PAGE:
Medical Therapy Versus Radiofrequency Endometrial Ablation in the Initial Treatment of Menorrhagia (iTOM)
Excessive menstrual loss (menorrhagia) is a common condition that affects women of reproductive age, and can result in anemia, chronic fatigue and lost wages from work. The traditional first line management involves treatment with oral contraceptives or non-steroidal anti-inflammatory agents. Many women ultimately undergo hysterectomy, a major operative procedure associated with increased costs, loss of feeling of womanhood, debilitating complications and on rare occasions, death.
The newer global endometrial ablation (GEA) devices allow the destruction of the endometrial lining, without the removal of the uterus, in an ambulatory surgery setting. GEA offers a safe and effective alternative to hysterectomy with minimal risks and without unpleasant side-effects.
Presently, global endometrial ablation is offered as an alternative to hysterectomy, after medical intervention has failed. This study will determine the role of global endometrial ablation in the initial management of menorrhagia. Women seeking treatment for menorrhagia will be randomized to either the medical treatment arm or the global endometrial ablation arm.
This study will be the first to compare clinical efficacy and costs between oral contraceptive pills and global endometrial ablation in the initial management of menorrhagia and could potentially change the management of menorrhagia and impact millions of women who suffer from this condition.
|Menorrhagia||Drug: Estradiol 30mcg / Levonorgestrel 150mcg monophasic oral contraceptive pills Drug: Naproxen sodium pills Device: NovaSure® Radiofrequency Endometrial Ablation||Phase 4|
|Study Design:||Allocation: Randomized
Intervention Model: Parallel Assignment
Masking: None (Open Label)
Primary Purpose: Treatment
|Official Title:||A Prospective Randomized Trial of Medical Therapy Versus Radiofrequency Endometrial Ablation in the Initial Treatment of Menorrhagia: Treatment Outcomes and Cost Utility Analysis|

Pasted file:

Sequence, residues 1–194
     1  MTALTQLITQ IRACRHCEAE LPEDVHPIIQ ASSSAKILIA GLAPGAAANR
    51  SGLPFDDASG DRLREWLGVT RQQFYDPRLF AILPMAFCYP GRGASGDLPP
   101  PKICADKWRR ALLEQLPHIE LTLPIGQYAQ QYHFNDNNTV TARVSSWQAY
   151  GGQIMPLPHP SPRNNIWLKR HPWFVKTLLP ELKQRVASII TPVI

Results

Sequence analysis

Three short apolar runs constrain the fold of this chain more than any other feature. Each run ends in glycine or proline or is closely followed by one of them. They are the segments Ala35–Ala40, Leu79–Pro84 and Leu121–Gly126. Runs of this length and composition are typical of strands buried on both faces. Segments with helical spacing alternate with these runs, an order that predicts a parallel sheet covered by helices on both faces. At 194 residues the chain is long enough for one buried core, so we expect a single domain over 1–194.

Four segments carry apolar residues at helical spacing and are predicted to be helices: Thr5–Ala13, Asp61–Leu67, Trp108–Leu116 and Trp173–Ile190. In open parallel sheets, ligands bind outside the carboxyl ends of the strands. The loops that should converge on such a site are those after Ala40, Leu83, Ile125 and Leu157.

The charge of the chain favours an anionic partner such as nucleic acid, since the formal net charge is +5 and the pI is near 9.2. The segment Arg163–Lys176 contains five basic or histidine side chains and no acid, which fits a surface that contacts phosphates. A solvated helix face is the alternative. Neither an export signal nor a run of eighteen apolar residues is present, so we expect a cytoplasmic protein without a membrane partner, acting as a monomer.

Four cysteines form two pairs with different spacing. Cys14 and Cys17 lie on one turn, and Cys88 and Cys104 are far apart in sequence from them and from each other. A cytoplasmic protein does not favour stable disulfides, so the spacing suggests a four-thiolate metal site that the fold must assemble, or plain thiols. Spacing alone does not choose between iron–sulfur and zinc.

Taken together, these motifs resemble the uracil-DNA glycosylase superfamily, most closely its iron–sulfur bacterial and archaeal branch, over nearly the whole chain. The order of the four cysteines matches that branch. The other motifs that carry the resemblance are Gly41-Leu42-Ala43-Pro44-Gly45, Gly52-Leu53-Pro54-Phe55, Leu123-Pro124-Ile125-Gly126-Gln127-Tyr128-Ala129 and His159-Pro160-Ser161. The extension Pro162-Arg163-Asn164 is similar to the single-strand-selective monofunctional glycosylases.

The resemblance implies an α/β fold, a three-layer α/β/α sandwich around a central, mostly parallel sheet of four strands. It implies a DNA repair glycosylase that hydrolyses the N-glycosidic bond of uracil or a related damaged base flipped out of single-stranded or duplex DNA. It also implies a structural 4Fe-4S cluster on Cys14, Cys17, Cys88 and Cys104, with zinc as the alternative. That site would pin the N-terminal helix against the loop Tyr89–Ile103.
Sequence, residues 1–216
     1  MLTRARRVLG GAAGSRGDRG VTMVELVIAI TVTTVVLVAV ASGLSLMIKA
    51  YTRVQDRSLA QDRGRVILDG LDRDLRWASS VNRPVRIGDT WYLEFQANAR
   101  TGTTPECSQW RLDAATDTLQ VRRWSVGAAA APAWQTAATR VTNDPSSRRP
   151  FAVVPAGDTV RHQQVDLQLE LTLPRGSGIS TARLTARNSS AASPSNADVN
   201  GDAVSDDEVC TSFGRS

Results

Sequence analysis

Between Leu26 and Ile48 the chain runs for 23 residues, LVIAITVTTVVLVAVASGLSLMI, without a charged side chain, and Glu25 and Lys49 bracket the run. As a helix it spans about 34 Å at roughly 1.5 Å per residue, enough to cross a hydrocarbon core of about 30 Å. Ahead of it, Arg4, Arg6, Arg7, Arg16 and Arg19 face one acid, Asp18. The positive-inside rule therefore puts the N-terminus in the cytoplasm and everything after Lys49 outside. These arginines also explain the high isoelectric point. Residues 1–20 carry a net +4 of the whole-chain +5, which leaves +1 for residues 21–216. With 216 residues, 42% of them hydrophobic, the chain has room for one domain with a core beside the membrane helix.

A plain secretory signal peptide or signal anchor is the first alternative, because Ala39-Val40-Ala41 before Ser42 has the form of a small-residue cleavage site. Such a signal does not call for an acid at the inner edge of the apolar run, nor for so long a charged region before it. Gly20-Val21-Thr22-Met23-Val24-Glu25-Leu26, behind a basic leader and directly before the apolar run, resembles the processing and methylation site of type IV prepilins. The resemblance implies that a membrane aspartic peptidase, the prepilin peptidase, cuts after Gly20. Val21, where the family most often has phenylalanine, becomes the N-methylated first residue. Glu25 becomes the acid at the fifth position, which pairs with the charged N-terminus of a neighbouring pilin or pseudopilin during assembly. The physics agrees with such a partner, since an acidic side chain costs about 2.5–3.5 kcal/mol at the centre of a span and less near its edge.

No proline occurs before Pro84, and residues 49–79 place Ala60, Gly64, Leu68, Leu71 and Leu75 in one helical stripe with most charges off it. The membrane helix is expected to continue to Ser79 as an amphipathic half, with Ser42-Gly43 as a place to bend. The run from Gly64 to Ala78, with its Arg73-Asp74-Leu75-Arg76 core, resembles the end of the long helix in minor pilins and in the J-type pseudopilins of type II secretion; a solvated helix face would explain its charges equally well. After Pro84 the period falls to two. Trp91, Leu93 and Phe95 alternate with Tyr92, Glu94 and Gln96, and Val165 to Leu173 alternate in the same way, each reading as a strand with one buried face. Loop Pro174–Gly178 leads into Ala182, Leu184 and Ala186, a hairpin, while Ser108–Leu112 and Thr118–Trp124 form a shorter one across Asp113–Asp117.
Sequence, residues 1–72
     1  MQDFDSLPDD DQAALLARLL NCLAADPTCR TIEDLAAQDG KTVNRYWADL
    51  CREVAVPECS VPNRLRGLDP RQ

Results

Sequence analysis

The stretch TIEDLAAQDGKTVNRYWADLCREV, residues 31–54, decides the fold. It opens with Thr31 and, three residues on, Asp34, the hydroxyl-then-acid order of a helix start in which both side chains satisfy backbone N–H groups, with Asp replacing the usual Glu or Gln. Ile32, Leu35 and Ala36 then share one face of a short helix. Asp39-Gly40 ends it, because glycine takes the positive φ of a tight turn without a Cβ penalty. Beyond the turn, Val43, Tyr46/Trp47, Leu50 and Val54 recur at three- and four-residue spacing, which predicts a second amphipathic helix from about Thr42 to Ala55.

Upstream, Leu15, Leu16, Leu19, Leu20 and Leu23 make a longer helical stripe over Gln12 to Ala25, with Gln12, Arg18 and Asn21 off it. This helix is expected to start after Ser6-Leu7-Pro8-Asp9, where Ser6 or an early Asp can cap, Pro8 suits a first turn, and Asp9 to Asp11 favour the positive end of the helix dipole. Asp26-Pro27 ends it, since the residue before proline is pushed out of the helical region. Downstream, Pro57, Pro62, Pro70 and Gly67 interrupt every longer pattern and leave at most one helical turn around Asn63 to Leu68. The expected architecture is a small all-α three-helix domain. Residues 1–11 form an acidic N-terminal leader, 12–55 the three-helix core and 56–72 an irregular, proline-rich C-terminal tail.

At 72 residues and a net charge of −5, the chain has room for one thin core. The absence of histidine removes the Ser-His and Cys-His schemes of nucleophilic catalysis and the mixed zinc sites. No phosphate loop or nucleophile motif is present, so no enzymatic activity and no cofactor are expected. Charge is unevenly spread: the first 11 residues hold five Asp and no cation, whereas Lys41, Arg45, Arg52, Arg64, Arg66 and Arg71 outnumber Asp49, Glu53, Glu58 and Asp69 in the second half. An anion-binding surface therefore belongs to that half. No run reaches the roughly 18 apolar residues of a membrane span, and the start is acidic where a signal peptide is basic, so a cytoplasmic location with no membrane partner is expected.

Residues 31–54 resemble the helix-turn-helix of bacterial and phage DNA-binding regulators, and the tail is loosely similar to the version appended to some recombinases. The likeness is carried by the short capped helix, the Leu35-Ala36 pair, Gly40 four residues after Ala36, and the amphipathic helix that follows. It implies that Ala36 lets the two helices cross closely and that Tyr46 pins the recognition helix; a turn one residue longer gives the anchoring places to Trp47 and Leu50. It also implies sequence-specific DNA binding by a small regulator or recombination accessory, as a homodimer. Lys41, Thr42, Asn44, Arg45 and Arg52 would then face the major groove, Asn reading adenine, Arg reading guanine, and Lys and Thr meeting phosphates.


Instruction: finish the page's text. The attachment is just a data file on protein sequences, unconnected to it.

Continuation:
- Menstrual Blood Loss (MBL) as Measured by Pictorial Blood Loss Assessment Chart (PBLAC). [ Time Frame: Measured at 12 months following initial treatment ]The PBLAC is a simple, pictorial tool used in women with menorrhagia to assess menstrual blood loss. The total score is calculated by adding up the sum of all scores for the tampons or sanitary napkin used in the menstrual cycle. For tampons: 1 for lightly stained, 5 for moderately soiled and 10 for completely saturated tampons. For sanitary napkins: 1 for lightly stained, 5 for moderately soiled, and 20 for completely saturated pads. Clots were given a score of 1 for small and 5 for large clots. Abnormal PBLAC bleeding score greater than or equal to 100, which correlates with menorrhagia, defined as greater than 80 mL of menstrual blood loss. Normal bleeding is defined as a score of 75 or less. A score of 0 indicates amenorrhea, or absence of menstruation.
- Quality of Life Score Using the Short Form-12 (SF-12) Health Survey [ Time Frame: Measured at 12 months following initial treatment ]Quality of life (QoL) was measured by the SF-12 questionnaire. The SF-12 is a multipurpose short form survey with 12 questions, all selected from the SF-36 Health Survey. Physical and Mental Health Composite Scores are computed (combined, scored, and weighted) using the scores of the 12 questions and range from 0 to 100, where a zero score indicates the lowest level of health measured by the scales and 100 indicates the highest level of health. Improvement was defined as a change of ≥ 6 points.